The dopaminergic mesolimbic pathway in the brain, running from the Ventral Tegmental Area to the Nucleus Accumbens.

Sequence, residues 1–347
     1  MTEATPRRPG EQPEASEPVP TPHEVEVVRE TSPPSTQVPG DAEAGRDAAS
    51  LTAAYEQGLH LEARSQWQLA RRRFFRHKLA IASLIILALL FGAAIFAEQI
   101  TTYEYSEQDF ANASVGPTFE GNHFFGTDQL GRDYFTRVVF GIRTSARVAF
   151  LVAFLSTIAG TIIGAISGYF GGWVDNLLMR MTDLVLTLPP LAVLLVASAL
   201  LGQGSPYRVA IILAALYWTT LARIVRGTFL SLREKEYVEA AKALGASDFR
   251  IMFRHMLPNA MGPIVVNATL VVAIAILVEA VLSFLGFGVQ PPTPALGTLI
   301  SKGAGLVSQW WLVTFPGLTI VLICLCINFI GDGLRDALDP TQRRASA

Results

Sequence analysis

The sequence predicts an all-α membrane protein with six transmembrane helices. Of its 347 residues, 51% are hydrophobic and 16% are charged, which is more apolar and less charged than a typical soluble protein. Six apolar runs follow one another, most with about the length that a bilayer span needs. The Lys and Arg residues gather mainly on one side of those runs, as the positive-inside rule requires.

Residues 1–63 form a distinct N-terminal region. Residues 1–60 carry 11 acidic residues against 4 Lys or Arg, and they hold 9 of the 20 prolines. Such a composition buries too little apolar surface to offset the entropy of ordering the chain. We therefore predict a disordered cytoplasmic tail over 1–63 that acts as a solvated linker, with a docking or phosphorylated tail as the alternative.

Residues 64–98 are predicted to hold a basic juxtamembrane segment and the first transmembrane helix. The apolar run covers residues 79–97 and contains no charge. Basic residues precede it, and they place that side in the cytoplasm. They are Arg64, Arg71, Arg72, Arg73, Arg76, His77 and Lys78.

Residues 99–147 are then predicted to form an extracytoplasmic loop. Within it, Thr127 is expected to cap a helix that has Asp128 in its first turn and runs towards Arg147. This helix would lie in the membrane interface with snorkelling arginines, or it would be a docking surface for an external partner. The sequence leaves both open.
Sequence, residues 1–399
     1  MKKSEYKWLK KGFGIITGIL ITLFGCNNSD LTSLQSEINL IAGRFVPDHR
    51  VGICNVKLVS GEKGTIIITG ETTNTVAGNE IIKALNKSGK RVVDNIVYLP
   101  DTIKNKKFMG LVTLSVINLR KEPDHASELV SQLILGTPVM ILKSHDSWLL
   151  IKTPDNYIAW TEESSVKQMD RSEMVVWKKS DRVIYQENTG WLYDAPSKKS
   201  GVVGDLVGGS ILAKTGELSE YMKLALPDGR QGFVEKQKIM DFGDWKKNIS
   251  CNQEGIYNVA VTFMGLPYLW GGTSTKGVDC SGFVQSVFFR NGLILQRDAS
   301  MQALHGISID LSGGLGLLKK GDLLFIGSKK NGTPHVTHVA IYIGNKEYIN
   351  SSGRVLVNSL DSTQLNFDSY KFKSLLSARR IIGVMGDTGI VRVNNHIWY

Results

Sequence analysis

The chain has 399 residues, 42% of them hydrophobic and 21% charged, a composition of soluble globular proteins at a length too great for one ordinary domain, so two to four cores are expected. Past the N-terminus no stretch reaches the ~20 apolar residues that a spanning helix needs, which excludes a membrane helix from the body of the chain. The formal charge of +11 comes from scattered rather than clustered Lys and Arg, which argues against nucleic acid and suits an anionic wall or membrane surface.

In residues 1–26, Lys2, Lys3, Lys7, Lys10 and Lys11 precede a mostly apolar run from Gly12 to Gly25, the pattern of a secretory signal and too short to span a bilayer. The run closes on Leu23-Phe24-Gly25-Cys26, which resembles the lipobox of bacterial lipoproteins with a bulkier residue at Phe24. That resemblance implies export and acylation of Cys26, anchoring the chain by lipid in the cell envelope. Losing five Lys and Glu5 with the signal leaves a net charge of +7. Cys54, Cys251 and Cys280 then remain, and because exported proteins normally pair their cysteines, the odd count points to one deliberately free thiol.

This diagram depicts the signaling events in the brain's reward center that are induced by chronic high-dose exposure to psychostimulants that increase the concentration of synaptic dopamine, like amphetamine, methamphetamine, and phenethylamine. Following presynaptic dopamine and glutamate co-release by such psychostimulants, postsynaptic receptors for these neurotransmitters trigger internal signaling events through a cAMP pathway and calcium-dependent pathway that ultimately result in increased CREB phosphorylation. Phosphorylated CREB increases levels of ΔFosB, which in turn represses the c-fos gene with the help of corepressors; c-fos repression acts as a molecular switch that enables the accumulation of ΔFosB in the neuron. A highly stable (phosphorylated) form of ΔFosB, one that persists in neurons for one or two months, slowly accumulates following repeated exposure to stimulants through this process. ΔFosB functions as 'one of the master control proteins' that produces addiction-related structural changes in the brain, and upon sufficient accumulation, with the help of its downstream targets (e.g., nuclear factor kappa B), it induces an addictive state.